jastrachan | 26 Jan 12:55 2005

Re: [groovy-dev] Re: Closure syntax [[ was [groovy-dev] Pragmatic Groovy Development and Project Management ]]

On 26 Jan 2005, at 11:48, Martin C. Martin wrote:

> Russel Winder wrote:
>> On Tue, 2005-01-25 at 15:51 -0500, Mike Spille wrote:
>> [ . . . ]
>>> If it were up to me, a closure in Groovy would look very much like a 
>>> super-stripped-down anonymous inner class:
>>>         2.times (def() { println ($it);});
>>>         c = def(params) { body };
>>> But it's pointless to argue this because I'll be voted down.  So, 
>>> like I said, I could live with:
>> Not necessarily.
>> Given that this example of closure syntax has been such a big issue, I
>> have been thinking about the syntax and my own reactions.  I think I 
>> am
>> changing my ideas about this.  In particular I wonder if the syntax 
>> for
>> a closure (which is after all an unnamed function definition) should 
>> be
>> the same as a function. (OK very Algol68 and not very Ruby but then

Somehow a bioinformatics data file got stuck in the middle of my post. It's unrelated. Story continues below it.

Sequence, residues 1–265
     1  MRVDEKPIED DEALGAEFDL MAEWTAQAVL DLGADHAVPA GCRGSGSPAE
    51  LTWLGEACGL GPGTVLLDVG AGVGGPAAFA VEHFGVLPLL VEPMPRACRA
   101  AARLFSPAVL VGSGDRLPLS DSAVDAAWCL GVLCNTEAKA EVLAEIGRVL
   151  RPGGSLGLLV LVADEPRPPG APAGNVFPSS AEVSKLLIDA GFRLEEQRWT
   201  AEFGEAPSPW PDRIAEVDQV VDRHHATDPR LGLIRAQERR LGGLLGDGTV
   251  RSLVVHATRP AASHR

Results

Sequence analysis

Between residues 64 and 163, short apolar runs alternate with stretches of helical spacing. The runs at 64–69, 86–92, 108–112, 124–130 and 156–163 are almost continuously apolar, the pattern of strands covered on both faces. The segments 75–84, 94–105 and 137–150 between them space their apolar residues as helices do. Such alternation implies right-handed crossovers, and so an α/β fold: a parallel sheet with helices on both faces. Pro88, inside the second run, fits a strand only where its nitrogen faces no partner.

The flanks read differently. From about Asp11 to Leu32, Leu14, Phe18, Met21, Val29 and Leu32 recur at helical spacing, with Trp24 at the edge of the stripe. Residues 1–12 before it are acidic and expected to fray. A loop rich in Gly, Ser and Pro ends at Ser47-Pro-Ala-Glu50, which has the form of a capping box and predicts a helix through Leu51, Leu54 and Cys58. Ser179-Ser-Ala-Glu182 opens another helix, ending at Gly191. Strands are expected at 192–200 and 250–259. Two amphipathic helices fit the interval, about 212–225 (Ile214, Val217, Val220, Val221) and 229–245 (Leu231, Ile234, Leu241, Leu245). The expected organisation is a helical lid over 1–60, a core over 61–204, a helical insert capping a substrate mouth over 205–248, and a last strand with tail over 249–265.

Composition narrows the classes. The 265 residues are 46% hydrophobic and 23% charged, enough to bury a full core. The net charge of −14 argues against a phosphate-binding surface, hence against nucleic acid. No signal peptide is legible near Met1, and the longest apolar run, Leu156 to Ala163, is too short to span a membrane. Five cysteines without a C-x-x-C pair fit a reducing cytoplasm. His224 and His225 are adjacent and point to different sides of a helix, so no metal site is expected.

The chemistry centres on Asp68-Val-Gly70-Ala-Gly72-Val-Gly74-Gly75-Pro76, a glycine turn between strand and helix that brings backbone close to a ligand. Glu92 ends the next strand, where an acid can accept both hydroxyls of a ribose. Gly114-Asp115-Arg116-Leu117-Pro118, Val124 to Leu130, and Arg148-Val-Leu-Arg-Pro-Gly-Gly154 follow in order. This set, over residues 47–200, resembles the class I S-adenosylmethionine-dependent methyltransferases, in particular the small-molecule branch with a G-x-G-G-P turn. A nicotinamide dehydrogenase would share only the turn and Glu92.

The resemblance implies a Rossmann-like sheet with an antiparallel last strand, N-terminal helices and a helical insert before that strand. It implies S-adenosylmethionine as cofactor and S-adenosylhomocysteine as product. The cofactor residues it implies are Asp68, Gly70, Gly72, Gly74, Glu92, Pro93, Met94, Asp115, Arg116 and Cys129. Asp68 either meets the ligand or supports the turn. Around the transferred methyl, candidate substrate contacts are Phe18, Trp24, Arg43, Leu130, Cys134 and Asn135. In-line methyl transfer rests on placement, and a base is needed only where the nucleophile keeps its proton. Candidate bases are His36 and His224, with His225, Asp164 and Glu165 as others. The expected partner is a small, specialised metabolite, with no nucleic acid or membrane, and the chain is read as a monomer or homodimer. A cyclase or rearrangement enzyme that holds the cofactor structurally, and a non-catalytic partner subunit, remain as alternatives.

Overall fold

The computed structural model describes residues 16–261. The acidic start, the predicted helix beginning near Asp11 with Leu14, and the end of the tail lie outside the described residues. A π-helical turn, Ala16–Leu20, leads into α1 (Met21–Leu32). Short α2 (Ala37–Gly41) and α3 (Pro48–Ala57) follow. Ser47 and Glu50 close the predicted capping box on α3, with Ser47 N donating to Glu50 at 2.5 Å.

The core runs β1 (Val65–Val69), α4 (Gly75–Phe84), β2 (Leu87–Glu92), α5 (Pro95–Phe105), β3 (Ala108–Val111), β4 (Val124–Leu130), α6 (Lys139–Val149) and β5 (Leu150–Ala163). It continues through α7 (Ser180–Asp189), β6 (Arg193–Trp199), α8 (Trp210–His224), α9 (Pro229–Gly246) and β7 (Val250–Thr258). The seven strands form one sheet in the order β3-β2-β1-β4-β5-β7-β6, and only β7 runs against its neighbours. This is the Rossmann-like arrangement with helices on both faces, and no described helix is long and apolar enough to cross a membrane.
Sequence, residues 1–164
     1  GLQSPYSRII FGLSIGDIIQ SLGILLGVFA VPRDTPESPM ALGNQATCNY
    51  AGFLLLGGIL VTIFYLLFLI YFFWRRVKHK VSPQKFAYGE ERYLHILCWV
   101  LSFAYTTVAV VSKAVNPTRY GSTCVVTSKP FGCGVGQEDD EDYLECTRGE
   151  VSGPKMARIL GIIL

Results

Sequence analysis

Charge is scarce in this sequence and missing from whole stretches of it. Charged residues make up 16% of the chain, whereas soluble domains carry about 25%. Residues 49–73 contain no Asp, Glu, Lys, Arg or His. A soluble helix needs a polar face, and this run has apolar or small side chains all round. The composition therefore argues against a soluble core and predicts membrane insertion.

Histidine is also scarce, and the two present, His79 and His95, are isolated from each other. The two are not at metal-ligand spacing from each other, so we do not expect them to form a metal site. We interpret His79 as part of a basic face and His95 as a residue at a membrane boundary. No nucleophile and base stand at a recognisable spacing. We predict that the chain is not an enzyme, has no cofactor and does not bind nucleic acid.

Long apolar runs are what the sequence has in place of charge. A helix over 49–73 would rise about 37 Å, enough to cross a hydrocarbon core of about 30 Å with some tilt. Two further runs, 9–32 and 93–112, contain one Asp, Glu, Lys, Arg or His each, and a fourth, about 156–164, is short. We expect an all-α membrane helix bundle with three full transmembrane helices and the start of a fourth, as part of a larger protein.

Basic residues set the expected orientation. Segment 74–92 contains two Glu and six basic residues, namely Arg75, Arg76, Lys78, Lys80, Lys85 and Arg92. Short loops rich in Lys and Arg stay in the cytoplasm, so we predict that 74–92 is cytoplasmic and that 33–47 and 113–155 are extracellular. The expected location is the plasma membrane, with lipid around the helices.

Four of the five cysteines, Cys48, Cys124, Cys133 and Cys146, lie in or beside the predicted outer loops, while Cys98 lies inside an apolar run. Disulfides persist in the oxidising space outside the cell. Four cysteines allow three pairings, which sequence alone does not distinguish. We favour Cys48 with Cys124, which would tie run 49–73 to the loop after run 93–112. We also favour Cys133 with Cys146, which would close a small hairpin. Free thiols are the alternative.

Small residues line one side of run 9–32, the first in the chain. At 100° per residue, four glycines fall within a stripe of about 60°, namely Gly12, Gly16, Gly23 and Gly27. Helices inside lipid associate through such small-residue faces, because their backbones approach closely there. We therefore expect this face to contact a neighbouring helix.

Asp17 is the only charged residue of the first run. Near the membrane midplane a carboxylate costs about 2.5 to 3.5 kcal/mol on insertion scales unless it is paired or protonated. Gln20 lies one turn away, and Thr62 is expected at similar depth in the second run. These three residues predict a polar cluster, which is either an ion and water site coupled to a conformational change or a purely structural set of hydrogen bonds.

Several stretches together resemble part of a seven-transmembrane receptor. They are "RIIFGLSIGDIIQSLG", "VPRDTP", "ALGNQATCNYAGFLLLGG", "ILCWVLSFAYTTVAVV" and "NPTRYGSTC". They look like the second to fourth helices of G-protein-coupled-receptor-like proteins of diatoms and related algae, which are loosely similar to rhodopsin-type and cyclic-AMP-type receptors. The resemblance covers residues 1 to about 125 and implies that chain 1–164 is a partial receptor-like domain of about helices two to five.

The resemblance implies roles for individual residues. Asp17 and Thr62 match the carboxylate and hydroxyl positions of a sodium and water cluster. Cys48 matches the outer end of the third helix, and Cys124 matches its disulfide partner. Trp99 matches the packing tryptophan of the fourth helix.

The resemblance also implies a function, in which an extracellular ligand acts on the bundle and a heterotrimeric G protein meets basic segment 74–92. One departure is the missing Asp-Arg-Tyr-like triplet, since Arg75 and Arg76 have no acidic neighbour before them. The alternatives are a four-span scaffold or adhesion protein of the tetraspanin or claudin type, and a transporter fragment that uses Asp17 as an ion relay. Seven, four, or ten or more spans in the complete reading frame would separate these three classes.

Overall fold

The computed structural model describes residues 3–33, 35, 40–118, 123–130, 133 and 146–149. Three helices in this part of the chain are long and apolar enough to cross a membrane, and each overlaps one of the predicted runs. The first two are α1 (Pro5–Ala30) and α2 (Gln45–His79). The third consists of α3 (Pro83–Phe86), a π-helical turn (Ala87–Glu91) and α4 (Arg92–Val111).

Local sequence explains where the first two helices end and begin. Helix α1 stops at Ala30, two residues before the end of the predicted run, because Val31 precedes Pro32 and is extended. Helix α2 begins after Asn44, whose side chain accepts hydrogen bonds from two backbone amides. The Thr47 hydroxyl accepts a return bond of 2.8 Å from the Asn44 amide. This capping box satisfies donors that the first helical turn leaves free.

>> this
>> is Groovy :-)
> The simple and common uses of closures resemble statement blocks more 
> than functions, and people relate to them that way.  Compare:
> for (x in mylist) {
>    println x
> }
> and
> mylist.each { x |
>    println x
> }
> In fact, I suspect it's easier to explain a closure as a delta of a 
> block than a function, because of the scoping rules: a closure is a 
> block that returns a value, and where "return" plays the role of 
> "break."  The last one causes enough confusion to be in the FAQ.


> As for arguments: in a block, it's the enclosing context that 
> introduces variables (e.g. x in the for loop above), whereas in 
> closures, it's the closure syntax itself that introduces the variable. 
>  When the closure is only used once there's not a lot of difference.
> What about changing blocks to be closures?  So that the two examples 
> above compile to the same thing?

Agreed - I the semantics of the language should imply they're the same 
thing, even if the implementation may decide to do different things in 
the bytecode.